You're essentially helping people go from Point A to Point B -- so that person you're thinking about should be someone who is at Point A right now. Write their name down. Congratulations! This is your new ideal customer avatar.
So why is this way so much more powerful?
It gets you out of the hypothetical and into the real
We are talking about a real human being, instead of someone we completely made up in our head. This is "real life," so you can look at that person and ask yourself, "What are they going through right now? What does their life look like? What are they struggling with? What questions do they have? What does the beginning of the journey look like for them? What do they like? Where are they trying to go?"
From here, you can move onto other questions, like their other interests, where they hang out, all that good stuff.
It's proof of a customer base
If you can think of at least one person, it's a good sign that there are other people in the same situation and about to go through that journey that you are an expert in. In fact, if you told me you couldn't think of a single person who you've ever met who fits these conditions, I would actually say that that may be a red flag and a possible indication that there weren't enough of a customer base for you to help.
You can envision their journey
Getting concrete about a real person will also help you envision their journey -- and a heck of a lot easier! You'll get a much clearer idea of their story, arc, and customer journey. What will their transformation actually look like?
You can start to pull out what they need to do first to get started, what content might be helpful for them to meet them where they're at right now.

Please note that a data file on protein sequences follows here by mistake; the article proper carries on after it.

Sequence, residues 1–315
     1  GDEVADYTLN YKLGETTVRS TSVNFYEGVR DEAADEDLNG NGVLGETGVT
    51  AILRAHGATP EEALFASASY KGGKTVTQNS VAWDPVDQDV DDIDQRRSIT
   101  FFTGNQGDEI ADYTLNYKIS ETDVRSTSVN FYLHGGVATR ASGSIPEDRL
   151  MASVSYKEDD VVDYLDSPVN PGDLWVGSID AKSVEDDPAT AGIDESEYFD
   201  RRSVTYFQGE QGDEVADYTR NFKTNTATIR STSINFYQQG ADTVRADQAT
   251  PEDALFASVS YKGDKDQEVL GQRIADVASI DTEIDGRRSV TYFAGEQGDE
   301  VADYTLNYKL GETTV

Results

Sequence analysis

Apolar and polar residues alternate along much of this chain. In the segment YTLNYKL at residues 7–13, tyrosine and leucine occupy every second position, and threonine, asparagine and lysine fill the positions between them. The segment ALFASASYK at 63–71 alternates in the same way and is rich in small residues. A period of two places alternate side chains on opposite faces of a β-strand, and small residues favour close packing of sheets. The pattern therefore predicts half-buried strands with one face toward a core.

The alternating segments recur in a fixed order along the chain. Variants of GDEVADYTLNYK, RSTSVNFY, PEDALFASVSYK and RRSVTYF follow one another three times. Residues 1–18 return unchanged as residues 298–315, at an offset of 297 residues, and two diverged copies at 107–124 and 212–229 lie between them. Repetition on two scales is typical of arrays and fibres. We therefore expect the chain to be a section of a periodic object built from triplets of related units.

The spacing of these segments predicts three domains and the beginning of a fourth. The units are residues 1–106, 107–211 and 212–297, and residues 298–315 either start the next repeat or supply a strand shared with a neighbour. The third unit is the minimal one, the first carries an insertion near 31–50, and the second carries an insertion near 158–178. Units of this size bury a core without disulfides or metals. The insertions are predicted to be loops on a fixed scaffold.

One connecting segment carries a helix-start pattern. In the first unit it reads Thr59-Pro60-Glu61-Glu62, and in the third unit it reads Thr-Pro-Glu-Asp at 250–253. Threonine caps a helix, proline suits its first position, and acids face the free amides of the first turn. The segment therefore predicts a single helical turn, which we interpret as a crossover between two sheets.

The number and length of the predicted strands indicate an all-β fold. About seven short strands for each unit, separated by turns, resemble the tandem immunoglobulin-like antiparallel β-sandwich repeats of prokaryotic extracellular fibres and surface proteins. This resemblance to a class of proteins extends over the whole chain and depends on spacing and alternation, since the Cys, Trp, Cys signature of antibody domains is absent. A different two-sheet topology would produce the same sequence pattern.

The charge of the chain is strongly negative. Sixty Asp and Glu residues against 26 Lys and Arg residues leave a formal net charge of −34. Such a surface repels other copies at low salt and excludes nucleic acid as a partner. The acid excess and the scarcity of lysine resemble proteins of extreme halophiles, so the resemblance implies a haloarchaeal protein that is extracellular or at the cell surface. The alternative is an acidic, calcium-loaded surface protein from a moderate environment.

You can get really specific in your messaging
So now all of those big, nebulous questions you had about what you should be doing are illuminated based on real data. When you sit down to create a podcast episode, or you outline your first package, you can imagine that you are speaking to your one person. Weirdly enough, you'll find that you know exactly what to say!
When you imagine that you're talking to just one person, you can get deep into it because you know their situation really specifically and you relate to it.
"Think of one person that you know, someone that you've actually met in real life that you believe you could help. This is a person who is at the beginning of a journey, or struggling with a thing that you know about -- plain and simple."
Troubleshooting your ICA
If picking your one person is really straightforward and you got it, you can take it and run with it. And if you're having a bit of trouble with it, in this next section I'll cover 3 of the most common questions you might have about using this method.
"I'm not sure who the "best" person to pick is."
What if you have multiple people you're considering for your One Person, and you're not sure which way to go? Here's simple hack: if I gave you the opportunity to clone one person 1,000 times, and they get to be your audience -- who would you pick?